It is neither a kind of extreme purism, nor even less a “politics of the worst scenario,” that invites one to categorically dissociate oneself from all the ecological planners of the economy; it is simply a realistic view about the necessary evolution of the situation. A coherent development of the struggles against nuisances requires the clarification, by as many exemplary denunciations as necessary, of the differences between the ecocrats those who derive power from the ecological crises—and the people who have common interests with all dispossessed individuals and with a movement that could permit them to suppress these nuisances through a “well-thought-out” dismantling of commodity production in its entirety.

Should those who want to suppress the nuisances find themselves on the same ground as those who want to manage them, they should be there as enemies, or else they will find that they must play a minor role in a scenario conceived and carried out by the managers. If they intend to transform the terrain they occupy, they must find the means to affirm, without yielding, the social critique of both nuisances and their administrators—the ones already holding office as well as those aspiring to.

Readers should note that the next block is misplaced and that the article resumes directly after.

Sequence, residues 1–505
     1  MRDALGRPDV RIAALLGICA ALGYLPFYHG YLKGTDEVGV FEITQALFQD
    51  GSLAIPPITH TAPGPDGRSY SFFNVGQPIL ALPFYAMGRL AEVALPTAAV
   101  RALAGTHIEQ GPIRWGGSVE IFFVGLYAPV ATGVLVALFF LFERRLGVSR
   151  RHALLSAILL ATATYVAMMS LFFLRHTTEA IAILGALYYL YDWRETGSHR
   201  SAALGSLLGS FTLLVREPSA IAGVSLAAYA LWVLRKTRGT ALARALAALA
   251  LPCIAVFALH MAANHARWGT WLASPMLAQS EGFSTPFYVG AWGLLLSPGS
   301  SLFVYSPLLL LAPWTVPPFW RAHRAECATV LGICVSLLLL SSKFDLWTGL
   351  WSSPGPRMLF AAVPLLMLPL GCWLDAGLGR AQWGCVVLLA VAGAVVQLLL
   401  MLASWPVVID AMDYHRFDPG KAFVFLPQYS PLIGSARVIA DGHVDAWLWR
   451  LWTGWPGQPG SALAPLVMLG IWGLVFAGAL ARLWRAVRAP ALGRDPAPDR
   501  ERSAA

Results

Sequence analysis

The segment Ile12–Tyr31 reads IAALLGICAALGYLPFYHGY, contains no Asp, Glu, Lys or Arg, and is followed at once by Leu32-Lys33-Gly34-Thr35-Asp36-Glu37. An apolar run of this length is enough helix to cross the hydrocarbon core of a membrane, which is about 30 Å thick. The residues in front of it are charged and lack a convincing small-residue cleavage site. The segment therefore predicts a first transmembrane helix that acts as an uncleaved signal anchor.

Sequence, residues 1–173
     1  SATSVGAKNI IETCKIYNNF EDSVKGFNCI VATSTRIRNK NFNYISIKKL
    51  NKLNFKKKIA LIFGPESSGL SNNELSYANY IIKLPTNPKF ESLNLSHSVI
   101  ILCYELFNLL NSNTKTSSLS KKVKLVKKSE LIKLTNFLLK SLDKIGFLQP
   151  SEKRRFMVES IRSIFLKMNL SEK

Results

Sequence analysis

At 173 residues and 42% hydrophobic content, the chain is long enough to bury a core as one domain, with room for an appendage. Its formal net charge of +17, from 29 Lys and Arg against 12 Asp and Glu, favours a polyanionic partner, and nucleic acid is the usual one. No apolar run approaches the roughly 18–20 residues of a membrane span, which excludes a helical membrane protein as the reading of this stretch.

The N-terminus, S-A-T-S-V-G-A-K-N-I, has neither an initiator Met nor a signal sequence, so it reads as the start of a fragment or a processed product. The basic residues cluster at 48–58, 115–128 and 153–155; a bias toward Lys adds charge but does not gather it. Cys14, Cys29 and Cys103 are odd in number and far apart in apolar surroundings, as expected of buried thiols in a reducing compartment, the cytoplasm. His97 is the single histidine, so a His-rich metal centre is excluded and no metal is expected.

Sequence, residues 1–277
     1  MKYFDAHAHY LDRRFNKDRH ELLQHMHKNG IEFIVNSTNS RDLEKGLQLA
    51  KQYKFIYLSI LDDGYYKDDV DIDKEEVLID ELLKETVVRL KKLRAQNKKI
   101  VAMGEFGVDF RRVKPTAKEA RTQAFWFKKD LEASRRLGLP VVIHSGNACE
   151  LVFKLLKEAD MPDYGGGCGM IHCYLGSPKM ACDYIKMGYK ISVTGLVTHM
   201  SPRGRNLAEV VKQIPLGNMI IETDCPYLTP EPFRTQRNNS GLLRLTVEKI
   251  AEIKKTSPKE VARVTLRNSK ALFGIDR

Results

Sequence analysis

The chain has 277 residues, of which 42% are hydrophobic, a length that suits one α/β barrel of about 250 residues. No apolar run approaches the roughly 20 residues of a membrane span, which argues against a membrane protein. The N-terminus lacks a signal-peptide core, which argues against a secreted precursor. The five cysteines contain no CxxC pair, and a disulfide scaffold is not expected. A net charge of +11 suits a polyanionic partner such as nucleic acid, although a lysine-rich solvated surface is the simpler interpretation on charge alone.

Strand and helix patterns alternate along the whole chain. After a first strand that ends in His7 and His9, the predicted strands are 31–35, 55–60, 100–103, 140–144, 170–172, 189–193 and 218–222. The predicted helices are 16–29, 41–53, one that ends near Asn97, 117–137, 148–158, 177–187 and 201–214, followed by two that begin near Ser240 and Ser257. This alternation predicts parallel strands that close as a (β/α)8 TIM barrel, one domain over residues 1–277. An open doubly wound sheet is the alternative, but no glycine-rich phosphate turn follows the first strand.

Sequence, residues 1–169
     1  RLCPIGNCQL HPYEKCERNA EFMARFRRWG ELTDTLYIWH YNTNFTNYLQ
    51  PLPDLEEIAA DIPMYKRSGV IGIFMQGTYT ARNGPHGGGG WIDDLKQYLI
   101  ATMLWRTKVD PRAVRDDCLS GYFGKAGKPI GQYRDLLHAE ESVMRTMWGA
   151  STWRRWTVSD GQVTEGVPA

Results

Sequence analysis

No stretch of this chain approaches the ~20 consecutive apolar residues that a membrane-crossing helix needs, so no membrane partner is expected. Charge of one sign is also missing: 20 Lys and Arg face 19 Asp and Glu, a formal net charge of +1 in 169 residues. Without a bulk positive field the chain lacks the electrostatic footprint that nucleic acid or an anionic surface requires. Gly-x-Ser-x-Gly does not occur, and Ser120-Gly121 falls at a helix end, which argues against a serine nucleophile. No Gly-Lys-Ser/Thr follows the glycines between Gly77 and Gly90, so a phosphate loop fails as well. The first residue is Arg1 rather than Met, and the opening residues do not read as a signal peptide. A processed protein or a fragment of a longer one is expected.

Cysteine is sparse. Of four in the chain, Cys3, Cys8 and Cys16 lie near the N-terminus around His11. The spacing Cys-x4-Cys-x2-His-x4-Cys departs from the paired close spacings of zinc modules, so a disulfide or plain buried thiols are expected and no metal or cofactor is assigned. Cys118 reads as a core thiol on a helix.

People who denounce irresponsible hierarchies must move toward the establishment of a social control that consciously masters material and technical means. Such a road requires a complete critique of nuisances, and thus a rediscovery of all the earlier grounds for revolt: wage labor, the socially harmful experience of which has such a destructive effect on workers that work can be endured only through the massive use of tranquilizers and other drugs; the colonization of all communication by the spectacle, since each falsification of reality must have its corresponding social expression; technological development, which at the expense of individual or collective autonomy increases subjugation to a more and more exclusive and concentrated authority; commodity production as the production of nuisances; and finally, the State as the absolute nuisance, which controls this production, plans how it is perceived, and programs its tolerance level.